Also, as an employee if you take a day off work, you don’t get paid. If you own a practice with employees, your practice still generates revenue if you’re home sick or on vacation.

Another thing about being an employee is that it encourages a false sense of security. I am glad to see that there are fewer people who still believe the outdated advice to get a job at a big company and let them take care of you. Consider how common it is for companies to lay off, downsize or outsource employees, and you’ll understand that being en employee isn’t really secure. Plus wages do not keep up with inflation.

Wouldn’t you rather be in charge of your own fate?

 

Owning a practice can be as simple or as complicated as you care to make it.

Massage is a very scalable business. This means that is easy to grow your practice if you chose. This is due in part to the relatively low overhead requirement, compared to other industries like manufacturing, tech, or food service.

The easy end of the spectrum: You work out of your home or rent a small office space. Refrain from hiring employees. Do marketing yourself, mostly by word of mouth. Get a simple bookkeeping system. And hire an accountant to handle your taxes. Many therapists are content to keep it simple throughout their career.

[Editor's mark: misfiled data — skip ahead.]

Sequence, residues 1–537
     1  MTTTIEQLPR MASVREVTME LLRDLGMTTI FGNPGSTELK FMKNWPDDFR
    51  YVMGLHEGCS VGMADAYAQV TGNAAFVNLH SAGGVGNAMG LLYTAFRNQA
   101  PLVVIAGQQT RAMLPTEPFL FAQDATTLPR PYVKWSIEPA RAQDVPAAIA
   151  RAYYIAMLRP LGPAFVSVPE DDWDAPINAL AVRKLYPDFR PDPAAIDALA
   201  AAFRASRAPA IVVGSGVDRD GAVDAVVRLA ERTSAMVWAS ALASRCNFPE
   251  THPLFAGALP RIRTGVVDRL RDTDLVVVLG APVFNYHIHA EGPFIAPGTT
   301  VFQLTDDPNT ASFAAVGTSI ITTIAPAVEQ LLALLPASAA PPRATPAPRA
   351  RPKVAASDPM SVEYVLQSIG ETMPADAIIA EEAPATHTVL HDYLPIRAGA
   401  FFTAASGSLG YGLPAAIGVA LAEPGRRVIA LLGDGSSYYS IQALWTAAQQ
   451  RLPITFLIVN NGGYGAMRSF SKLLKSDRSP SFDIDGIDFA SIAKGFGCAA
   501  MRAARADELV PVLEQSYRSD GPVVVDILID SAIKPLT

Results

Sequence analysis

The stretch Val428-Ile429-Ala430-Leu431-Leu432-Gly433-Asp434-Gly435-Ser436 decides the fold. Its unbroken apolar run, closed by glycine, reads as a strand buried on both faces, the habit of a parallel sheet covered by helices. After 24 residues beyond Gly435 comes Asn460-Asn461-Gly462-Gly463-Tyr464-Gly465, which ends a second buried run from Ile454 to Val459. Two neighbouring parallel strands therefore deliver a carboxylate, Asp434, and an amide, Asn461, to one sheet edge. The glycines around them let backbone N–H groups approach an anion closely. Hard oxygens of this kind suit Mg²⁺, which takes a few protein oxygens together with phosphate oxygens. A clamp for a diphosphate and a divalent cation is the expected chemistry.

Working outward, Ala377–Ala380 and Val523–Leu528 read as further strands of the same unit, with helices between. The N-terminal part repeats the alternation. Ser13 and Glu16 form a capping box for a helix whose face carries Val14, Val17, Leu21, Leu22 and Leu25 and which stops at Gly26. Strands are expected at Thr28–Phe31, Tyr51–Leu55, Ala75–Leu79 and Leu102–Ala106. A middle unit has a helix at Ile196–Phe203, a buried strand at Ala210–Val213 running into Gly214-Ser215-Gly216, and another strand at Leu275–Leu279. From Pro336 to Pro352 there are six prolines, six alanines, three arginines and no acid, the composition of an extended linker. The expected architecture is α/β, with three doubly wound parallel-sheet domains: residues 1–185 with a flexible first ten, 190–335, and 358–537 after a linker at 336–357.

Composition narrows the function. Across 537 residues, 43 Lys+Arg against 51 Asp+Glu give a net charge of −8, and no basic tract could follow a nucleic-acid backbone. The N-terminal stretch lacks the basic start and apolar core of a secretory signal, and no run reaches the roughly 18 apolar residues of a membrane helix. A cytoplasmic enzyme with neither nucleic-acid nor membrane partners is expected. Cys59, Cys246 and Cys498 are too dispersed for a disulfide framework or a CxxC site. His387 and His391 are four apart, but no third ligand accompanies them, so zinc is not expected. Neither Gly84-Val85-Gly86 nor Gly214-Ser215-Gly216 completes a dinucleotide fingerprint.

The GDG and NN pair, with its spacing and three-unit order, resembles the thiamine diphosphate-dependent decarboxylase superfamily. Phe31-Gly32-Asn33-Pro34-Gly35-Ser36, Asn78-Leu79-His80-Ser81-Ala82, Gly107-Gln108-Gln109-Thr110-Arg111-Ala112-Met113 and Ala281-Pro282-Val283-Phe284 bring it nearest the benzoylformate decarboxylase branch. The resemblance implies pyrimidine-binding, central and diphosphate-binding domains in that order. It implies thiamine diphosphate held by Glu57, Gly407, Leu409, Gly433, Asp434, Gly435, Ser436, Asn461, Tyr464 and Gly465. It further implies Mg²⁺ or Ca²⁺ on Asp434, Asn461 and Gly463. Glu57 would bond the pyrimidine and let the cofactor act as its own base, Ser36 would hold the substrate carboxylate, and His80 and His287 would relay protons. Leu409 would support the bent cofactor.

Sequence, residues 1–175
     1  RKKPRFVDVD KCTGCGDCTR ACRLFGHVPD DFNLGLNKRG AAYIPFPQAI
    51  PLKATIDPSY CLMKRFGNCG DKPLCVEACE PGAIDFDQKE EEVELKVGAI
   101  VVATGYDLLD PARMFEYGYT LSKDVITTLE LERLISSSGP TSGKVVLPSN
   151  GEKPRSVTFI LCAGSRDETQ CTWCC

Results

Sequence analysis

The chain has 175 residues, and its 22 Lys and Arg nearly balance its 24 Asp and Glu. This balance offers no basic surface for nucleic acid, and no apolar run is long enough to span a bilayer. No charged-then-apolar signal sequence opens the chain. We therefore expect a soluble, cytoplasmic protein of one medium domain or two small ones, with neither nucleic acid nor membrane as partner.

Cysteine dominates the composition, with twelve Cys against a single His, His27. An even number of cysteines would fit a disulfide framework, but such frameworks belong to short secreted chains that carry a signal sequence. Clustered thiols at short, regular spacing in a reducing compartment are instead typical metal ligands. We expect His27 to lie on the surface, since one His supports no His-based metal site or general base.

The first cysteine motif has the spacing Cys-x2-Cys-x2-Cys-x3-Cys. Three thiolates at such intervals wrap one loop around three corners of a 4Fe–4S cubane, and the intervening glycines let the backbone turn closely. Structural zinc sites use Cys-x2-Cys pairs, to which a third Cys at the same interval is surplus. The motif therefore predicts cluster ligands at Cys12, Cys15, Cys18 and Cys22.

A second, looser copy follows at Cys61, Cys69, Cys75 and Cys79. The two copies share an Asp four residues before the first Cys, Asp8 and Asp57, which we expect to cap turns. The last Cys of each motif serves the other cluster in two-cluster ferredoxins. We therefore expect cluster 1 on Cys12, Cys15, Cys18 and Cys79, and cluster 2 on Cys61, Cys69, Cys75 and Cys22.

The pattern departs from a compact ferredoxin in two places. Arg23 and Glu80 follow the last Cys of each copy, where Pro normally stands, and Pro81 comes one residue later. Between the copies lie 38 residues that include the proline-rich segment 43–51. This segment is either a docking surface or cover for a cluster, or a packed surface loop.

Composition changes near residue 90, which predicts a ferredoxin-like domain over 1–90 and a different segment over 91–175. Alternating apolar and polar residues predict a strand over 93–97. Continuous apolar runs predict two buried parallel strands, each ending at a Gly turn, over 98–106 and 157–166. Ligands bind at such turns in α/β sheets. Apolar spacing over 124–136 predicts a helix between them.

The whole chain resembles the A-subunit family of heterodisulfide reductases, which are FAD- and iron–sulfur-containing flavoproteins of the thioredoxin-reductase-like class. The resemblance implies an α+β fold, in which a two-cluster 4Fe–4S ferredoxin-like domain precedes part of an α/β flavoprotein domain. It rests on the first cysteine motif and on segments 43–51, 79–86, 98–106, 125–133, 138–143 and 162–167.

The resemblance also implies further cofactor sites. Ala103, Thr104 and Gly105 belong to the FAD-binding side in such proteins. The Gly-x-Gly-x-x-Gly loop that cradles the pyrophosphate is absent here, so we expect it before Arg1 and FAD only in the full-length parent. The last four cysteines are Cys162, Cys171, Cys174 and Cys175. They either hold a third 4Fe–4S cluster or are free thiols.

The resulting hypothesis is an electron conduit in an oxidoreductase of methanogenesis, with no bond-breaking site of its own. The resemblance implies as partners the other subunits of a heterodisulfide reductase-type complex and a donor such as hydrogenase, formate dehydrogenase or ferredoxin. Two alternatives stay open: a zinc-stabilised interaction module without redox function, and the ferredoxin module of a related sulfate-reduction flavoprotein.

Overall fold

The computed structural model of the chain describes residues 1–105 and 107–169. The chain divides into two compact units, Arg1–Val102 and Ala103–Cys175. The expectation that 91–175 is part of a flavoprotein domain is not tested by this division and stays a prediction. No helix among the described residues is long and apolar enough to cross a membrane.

I’m an advocate of starting simple. Don’t get into debt or rent a large office and hire employees until you have the repeat business to justify it.

There’s always a learning curve to go through. You can learn on a small scale just as good as on a large scale, but with a lot less risk. It’s easier and less stressful to try new things and experiment with different business strategies on a small scale.

The complicated end of the spectrum: Save some startup capital because loans for new business are very difficult to get. Rent a multi-room office. Hire administrative assistant and other MTs, estheticians, or whoever. Hire professional marketing team. Work closely with your accountant and legal consultants. Don’t start this way! Grow into it if you want.

 

Do you have what it takes to run a successful practice?

Here’s a quick look at some key characteristics a self-employed massage therapist must have:

  • You believe in what you do. This is a must. It is very difficult to sell your services unless you believe that they have value for other people.
  • Organized. Running a business can be a circus some times. You have to be organized and willing to function in many roles.
  • Self-disciplined. There will be tasks that you don’t enjoy. Maybe bookkeeping, or laundry, or prospecting to get new clients. You need to have enough self-discipline to get them done anyway.